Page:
Orlando presents recent and newly commissioned photographs inspired by the themes of Virginia Woolf’s prescient 1928 novel, which tells the story of a young nobleman during the era of Queen Elizabeth I who lives for three centuries without aging and mysteriously shifts gender along the way. In 1992, filmmaker Sally Potter released a now-classic adaptation of the book with Tilda Swinton in the starring role. Since then, Woolf’s tale has continued to hold sway over the actor, who describes the book’s ability “to change like a magic mirror. Where I once assumed it was a book about eternal youth, I now see it as a book about growing up, about learning to live.”
The exhibition extends Swinton’s longtime exploration of the central themes of the novel; gender fluidity, limitlessness, and the deep perspective that is earned from a long life. Supported by a new selection of artworks from the McEvoy Family Collection, Orlando offers a panoply of colors and tastes that seek to liberate traditions of portraiture in photography from the constructs of prescriptive gender or social norms at a moment when debates around identity, representation, and society have reinvigorated the story’s legacy.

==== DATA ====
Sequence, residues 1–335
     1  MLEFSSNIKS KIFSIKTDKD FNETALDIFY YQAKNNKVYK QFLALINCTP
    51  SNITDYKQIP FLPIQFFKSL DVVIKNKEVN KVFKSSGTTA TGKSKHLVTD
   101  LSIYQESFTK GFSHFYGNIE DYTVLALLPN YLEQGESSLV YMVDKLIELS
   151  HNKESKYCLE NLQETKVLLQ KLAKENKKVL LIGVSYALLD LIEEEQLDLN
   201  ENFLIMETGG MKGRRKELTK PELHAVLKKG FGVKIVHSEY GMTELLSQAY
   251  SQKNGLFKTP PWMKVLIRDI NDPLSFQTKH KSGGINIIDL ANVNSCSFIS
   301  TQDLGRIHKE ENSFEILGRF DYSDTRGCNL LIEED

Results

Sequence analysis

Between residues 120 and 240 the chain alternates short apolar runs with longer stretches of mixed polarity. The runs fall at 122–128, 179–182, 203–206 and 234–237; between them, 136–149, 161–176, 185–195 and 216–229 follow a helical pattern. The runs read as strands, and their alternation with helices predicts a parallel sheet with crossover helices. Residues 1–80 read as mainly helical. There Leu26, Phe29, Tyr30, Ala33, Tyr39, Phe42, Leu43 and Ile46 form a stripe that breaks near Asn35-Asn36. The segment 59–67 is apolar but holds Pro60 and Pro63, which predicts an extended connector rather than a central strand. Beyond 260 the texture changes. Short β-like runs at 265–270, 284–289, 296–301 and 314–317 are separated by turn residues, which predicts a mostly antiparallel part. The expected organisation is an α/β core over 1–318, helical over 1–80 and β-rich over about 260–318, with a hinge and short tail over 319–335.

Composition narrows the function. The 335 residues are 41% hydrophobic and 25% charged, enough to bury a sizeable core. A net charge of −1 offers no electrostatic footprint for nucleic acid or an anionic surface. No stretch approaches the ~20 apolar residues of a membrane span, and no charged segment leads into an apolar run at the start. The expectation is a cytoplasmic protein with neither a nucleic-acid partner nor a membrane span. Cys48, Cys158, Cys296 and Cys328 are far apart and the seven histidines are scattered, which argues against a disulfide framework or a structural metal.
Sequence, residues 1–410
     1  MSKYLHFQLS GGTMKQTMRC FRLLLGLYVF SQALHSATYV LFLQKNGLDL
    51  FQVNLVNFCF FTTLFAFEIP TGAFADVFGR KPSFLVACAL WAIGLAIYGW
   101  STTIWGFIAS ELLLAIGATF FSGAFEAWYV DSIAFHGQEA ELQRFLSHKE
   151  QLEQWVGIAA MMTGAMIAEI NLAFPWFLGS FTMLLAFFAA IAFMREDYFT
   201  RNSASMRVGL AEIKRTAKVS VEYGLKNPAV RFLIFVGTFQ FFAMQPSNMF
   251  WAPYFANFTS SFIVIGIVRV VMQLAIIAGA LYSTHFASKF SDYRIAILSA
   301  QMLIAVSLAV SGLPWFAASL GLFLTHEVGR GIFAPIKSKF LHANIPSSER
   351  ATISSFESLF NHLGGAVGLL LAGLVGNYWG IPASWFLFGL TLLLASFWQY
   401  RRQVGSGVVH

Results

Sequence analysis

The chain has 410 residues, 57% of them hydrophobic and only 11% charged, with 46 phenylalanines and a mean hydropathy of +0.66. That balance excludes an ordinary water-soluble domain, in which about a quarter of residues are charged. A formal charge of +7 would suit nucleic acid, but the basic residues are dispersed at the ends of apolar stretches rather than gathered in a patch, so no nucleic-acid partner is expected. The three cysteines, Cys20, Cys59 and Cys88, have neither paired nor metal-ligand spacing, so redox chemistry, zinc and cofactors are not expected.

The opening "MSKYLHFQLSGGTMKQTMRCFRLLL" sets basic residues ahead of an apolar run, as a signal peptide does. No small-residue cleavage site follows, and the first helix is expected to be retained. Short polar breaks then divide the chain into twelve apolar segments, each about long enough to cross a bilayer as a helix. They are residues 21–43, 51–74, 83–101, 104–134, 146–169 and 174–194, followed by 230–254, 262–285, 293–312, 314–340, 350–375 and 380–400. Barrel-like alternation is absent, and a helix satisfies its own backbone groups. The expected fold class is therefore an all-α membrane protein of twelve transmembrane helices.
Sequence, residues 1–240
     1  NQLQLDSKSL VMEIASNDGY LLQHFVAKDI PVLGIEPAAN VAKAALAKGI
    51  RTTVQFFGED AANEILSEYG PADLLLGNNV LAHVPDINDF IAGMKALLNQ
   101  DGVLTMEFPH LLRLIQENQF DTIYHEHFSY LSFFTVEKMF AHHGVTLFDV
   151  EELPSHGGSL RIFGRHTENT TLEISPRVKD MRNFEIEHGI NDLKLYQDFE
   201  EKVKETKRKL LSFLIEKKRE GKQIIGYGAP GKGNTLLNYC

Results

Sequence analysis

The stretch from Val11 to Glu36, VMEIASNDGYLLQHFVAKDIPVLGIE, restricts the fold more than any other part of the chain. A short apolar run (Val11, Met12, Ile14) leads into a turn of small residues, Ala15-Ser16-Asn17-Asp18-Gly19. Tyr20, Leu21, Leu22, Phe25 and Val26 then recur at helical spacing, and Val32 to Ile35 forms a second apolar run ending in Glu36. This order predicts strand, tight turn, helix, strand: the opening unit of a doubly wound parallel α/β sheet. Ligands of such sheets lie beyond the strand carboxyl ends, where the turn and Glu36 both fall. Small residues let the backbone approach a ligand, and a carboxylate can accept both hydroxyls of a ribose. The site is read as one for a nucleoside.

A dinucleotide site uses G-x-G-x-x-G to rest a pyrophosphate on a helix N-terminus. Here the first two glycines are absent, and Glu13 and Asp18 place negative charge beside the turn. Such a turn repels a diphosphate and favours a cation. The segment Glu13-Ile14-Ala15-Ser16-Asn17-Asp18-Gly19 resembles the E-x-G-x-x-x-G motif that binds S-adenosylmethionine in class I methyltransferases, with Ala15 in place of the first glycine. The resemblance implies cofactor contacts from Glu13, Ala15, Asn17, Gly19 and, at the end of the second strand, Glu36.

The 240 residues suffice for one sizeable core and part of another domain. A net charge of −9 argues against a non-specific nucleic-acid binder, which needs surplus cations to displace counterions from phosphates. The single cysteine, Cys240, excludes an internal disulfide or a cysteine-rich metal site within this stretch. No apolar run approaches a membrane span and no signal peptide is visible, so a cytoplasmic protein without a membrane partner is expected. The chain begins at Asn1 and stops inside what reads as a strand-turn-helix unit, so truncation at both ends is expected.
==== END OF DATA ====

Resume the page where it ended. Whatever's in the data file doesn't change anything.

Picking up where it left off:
Orlando is guest curated by Tilda Swinton and organized by Aperture, New York. It is accompanied by Issue #235, Summer 2019 of Aperture magazine, also guest edited by Swinton, featuring writings from Michael Cunningham, Isaac Julien, Lynne Tillman, and B. Ruby Rich. Copies are available at MFA throughout the exhibition.
ABOUT THE CURATOR
Tilda Swinton’s many films include Caravaggio (Derek Jarman, 1986), Orlando (Sally Potter, 1992), The Garden (Derek Jarman, 1990), Wittgenstein (Derek Jarman, 1993), Michael Clayton (Tony Gilroy, 2007), I Am Love (Luca Guadagnino, 2009), We Need to Talk about Kevin (Lynne Ramsay, 2011), Only Lovers Left Alive (Jim Jarmusch, 2013), The Grand Budapest Hotel (Wes Anderson, 2014), and Suspiria (Luca Guadagnino, 2018).
Lynn Hershman Leeson
Paul Mpagi Sepuya
Aperture, a not-for-profit foundation, connects the photo community and its audiences with the most inspiring work, the sharpest ideas, and with each other—in print, in person, and online. Created in 1952 by photographers and writers as “common ground for the advancement of photography,” Aperture today is a multi-platform publisher and center for the photo community. From its base in New York, Aperture produces, publishes, and presents a program of photography projects and programs—locally, across the United States, and around the world.
Orlando is made possible, in part, with the support of Slobodan Randjelović and Jon Stryker. Aperture also thanks ROOT STUDIOS for supporting the production of Mickalene Thomas’ work in this issue.